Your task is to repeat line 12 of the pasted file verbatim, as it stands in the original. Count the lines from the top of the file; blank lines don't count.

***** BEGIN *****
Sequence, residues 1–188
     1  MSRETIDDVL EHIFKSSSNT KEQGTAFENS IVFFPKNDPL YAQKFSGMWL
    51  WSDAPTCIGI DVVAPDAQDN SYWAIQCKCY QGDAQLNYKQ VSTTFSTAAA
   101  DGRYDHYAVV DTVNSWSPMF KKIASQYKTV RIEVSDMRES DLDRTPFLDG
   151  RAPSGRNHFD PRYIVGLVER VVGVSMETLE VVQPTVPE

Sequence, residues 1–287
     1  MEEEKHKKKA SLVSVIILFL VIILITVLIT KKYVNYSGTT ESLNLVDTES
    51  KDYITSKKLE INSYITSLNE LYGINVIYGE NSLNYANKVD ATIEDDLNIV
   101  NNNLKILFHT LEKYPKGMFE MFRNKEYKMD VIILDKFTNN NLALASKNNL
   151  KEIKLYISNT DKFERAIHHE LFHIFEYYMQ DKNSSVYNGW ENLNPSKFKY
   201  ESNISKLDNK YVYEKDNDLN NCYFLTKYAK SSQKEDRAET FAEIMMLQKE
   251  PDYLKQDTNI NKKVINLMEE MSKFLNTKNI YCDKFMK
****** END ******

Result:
   251  PDYLKQDTNI NKKVINLMEE MSKFLNTKNI YCDKFMK